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July 30 marks 20 years since my wife, two daughters and I moved to Israel from Cleveland. The children were 5 and 6 years old at the time. Now they are in their 20s. I’ve never regretted the move.

I left a great job as Cleveland regional director of the Anti-Defamation League, and my wife was wonderfully situated as a lawyer at a local law firm, Hahn, Loeser & Parks. But since my first visit to Israel in my teens, I had always had the sense that living in Israel would provide added meaning and purpose to my life.

After getting married and after having kids, my wife rightfully said that we should either make the move or shelve the idea and settle into our life in Cleveland, a city both of us really love. We arrived as new immigrants on July 30, 1999. The Zionist in me told myself that we had come home. But we still had to adjust to a language and culture to make it feel like home. The shift became easier once we realized the American way of doing things wasn’t the only way.

By most objective measures, we have thrived in Israel, but you make a move like that for emotional reasons, not for objective ones, motivated by Israel’s importance to the Jewish people. In most respects, Israel has developed magnificently in the time that we have been here and has provided us with a high quality of life in just about every way.

Tel Aviv in particular has become an amazingly vibrant city over the past 20 years. It’s beloved by foreign visitors and Israelis alike, for its beaches and urban vitality, its cultural life and amazing restaurant scene.

When she was a teenager, my younger daughter and I had a discussion about why Israelis have a longer average life expectancy than Americans. A healthier diet and lifestyle and universal health care are probably the main reasons, but my daughter suggested that it was because Israelis have Tel Aviv –so they’re happier. She is now in medical school at Technion in Haifa, so maybe one day she can research her theory.

Our older daughter has just finished a legal apprenticeship with a justice at the Israeli Supreme Court and will begin practicing law with a major Tel Aviv-area firm in the fall. My wife is working in the legal department at an Israeli pharmaceutical firm.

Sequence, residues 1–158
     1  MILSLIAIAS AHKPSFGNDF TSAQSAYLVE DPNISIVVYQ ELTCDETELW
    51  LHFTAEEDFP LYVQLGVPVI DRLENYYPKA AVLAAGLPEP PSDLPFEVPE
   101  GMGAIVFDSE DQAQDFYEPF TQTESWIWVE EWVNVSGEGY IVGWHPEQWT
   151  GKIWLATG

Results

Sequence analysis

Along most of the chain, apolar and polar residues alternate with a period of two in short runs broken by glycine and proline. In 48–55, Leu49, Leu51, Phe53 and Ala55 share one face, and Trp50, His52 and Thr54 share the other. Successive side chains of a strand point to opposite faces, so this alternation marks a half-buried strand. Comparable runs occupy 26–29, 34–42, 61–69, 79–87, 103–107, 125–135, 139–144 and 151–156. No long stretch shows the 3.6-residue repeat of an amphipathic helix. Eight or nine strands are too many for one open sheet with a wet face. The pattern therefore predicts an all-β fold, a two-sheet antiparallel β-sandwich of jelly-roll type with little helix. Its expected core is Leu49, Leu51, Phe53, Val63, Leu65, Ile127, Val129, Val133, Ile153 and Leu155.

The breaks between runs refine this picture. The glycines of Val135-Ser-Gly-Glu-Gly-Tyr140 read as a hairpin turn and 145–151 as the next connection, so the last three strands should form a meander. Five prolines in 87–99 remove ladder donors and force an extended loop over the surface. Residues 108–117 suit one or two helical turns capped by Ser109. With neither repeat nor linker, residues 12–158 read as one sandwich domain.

I found a new career in journalism as a member of the editorial staff at the English edition of the Haaretz, a newspaper whose editorial line is generally consistent with my left-of-center views. If I have one major disappointment, it is the political turn that the country has taken. Prime Minister Benjamin Netanyahu has squandered every possible opportunity for peace.

He is also attempting to undermine the rule of law and is pitting the country’s citizens against one another for political gain. If that sounds familiar, there is a guy living in the White House who is his political soulmate. But moving to Israel also gave me the privilege of voting in elections here, and I am hoping that Netanyahu will be ousted from office in September’s vote.

When we arrived in the country, there were hopes for peace with the Palestinians and I certainly believed that 20 years later, in 2019, peace would be a well-entrenched reality, with a Palestinian state established alongside Israel. But if I have been disillusioned by Israel’s current political leadership, I haven’t been turned off to the Zionist dream that brought me here. It’s been well worth it.

Cliff Savren is a former Clevelander who covers the Middle East for the Cleveland Jewish News from Ra’anana, Israel. 


Letters, commentaries and opinions appearing in the Cleveland Jewish News do not necessarily reflect the opinions of the Cleveland Jewish Publication Company, its board, officers or staff.

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